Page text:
I also built this floating shelf in the mudroom for our toaster. But let’s be honest, it’s also where I pile ALL of my junk (not pictured) that I haul to and from the detached garage.
To the right of those beautiful windows is the door to the backyard. I keep my favorite garden clogs by the door and use them whenever I venture outside.
Heading back into the main part of the kitchen. The range sits on the wall between the two utility rooms. It’s such a cute lil’ stove. The only functional oven is the one in the upper right - the rest are storage.
Next to the range is another cabinet I built to get more prep space. Before, the range floated in the middle of nowhere so having a space to rest things is a game-changer. Plus, the cabinet stores our most-used cookware and oven mits. Isn’t she cute? I got the cabinet from IKEA and I built the wooden countertop from some simple craft wood at Lowe’s.
If you’re curious about what I store where, check out this quick video where I talk you through the whole kitchen and open every single drawer and cabinet. I also link to every single kitchen product I own in case you want to own the same cookware gadgets as me.
Team cast iron pans!
I realize mirrors in the kitchen isn’t really a THING. But, I love it. This mirror bounces light around, it adds depth, and it lets me check to see if I have remnants of my pre-dinner snack in my teeth before guests arrive.
This vintage one reminds me of an upside down slice of bread and I love it.
To the left of the range is the other utility room - the one that had the bead curtain and the laundry. Sometimes I miss the bead curtain.
The whole utility room is dedicated to my vacuum, basically. I also have a basket for my kitchen linens and more tote bags. In years past this room was referred to as “Mabel’s Office” because it stored her litter box. RIP baby girl.
I didn’t paint this side of the trim because I love that buttery yellow color. I wonder how many years the kitchen had this color scheme. I need to color match it and find a spot in the house to repurpose this color.
On a side note, this shot above is a good example of doorway trim evolution. See the trim on the top of the yellow door casing? Now see the unpainted casing in the kitchen with that stripe of white stuff at the top? Yeah, that’s where someone removed the original trim. *Shakes fist at that person*
The sink and faucet were already great, so I didn’t do anything other than clean them up. I love them both and I’ve considered keeping them to use in my upcoming remodel. Spoiler: I didn’t - so if you want them, holler!
The countertops were another major transformation. I skim coated over them in concrete to give them a consistent look and even out the grout lines of the tiles. I highly recommend this cheap concrete countertop DIY for anyone that doesn’t like the surface of their counters, but likes the layout. I spent about $100 and got an entierly new look - plus a clean surface I felt comfortable touching.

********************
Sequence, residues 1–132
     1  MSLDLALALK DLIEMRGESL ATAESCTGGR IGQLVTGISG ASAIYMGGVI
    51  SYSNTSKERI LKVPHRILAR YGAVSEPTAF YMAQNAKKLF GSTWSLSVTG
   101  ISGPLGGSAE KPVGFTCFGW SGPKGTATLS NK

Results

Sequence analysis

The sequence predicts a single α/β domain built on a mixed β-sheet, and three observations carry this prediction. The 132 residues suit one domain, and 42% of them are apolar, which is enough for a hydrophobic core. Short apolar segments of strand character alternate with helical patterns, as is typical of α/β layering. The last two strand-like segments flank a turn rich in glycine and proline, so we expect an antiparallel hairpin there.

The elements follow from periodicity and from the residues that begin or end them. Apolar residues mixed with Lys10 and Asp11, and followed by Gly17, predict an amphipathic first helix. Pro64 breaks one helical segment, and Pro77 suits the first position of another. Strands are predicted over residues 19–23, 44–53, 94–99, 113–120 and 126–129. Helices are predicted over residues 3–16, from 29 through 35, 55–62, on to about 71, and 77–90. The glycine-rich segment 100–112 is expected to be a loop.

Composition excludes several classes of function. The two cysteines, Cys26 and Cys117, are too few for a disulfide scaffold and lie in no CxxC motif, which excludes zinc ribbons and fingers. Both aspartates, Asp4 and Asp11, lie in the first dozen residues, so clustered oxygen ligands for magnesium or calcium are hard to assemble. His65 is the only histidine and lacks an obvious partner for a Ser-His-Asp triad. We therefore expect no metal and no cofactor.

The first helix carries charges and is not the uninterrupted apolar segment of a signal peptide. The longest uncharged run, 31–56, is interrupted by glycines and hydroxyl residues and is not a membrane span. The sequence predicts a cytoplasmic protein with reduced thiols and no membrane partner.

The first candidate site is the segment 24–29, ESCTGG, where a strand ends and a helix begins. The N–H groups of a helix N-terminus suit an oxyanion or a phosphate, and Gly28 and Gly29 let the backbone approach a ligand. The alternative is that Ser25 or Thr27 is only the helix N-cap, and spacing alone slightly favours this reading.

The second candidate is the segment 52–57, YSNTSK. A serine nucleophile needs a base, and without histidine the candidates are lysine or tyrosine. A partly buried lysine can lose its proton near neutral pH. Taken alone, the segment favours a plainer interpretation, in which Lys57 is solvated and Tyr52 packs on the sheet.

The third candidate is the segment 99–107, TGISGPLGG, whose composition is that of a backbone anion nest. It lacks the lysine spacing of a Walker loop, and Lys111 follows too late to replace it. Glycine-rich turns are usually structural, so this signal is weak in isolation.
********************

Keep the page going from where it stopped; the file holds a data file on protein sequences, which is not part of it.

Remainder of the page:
I covered the mix-matched backsplash with simple beadboard. I cut it to size, then glued it on.
I didn’t put a ton of effort into finishing the edges as I originally planned because I thought I’d only live with it for 6 months. So it isn’t the most perfect work, but it’s such an improvement over the hodgepodge backsplash that was there.
It’s not perfect, I’m not perfect, okayyyy?!
Also, I OBVIOUSLY painted the cabinets and the walls, too! I went for a bright white on the walls because I was craving cleanliness and contrast from what was there previously. And I did a blue/green color that changes hues throughout the day for the cabs.
Since I thought I’d only live with the room for a year (spoiler: it’s been 4 years), I figured it was a chance to enjoy some “funky” elements that I wouldn’t do in a permanent kitchen. The paint color on the cabinets was a playful choice that I don’t think I’d want to live with for a decade, nor spray onto $20k custom cabinets. But it’s super charming on these old particleboard doors. I’ve enjoyed them for a few years, but I’m ready for something with a different personality.
I get asked a lot, “I’m going to renovate in a few years, but need to paint my cabinets in the meantime. Should I do a fun color or go for neutral to not draw attention to them.” I vote to go funky. Live out whatever craving you have to get it out of your system. Then go for more color or less color, or whatever you want more permanently.
Here’s a handy before and after for you. Can you spot all the differences??
Alrighty. I talked about a bunch of things throughout, so here’s a bunch of links for you to sort through if you want to dive deeper.
This cost break down doesn’t include each of my cooking accessories or the various decor items like the hanging plants or cookbooks. But I hope it goes to show that a budget makeover is possible and there’s no reason to live with a space you hate even if it’s for a short period of time.
Now, I gotta get back to planning on demolishing this whole kitchen! Stay tuned for the changes coming soon.